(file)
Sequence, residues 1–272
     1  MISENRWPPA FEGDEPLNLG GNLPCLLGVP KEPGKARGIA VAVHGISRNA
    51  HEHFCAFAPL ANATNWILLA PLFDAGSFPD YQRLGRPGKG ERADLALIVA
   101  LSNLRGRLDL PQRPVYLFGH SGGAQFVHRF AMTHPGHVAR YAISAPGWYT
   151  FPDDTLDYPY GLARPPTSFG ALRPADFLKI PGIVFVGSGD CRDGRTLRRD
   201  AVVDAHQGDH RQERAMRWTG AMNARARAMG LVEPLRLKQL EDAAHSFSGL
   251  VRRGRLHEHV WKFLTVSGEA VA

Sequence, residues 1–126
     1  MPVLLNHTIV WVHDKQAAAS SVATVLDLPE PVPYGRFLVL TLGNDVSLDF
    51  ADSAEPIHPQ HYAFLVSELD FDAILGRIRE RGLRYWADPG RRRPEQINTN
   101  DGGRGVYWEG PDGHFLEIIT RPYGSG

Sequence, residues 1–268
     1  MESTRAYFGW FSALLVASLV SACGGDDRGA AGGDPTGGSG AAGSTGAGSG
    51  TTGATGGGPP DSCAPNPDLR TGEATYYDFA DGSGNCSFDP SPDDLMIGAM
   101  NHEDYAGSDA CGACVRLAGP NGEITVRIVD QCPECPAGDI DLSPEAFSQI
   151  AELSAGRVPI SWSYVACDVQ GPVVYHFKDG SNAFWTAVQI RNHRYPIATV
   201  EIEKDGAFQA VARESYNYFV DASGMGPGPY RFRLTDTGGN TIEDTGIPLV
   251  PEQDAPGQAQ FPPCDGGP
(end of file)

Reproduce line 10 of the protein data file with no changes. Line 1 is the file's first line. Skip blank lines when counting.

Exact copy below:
    51  ADSAEPIHPQ HYAFLVSELD FDAILGRIRE RGLRYWADPG RRRPEQINTN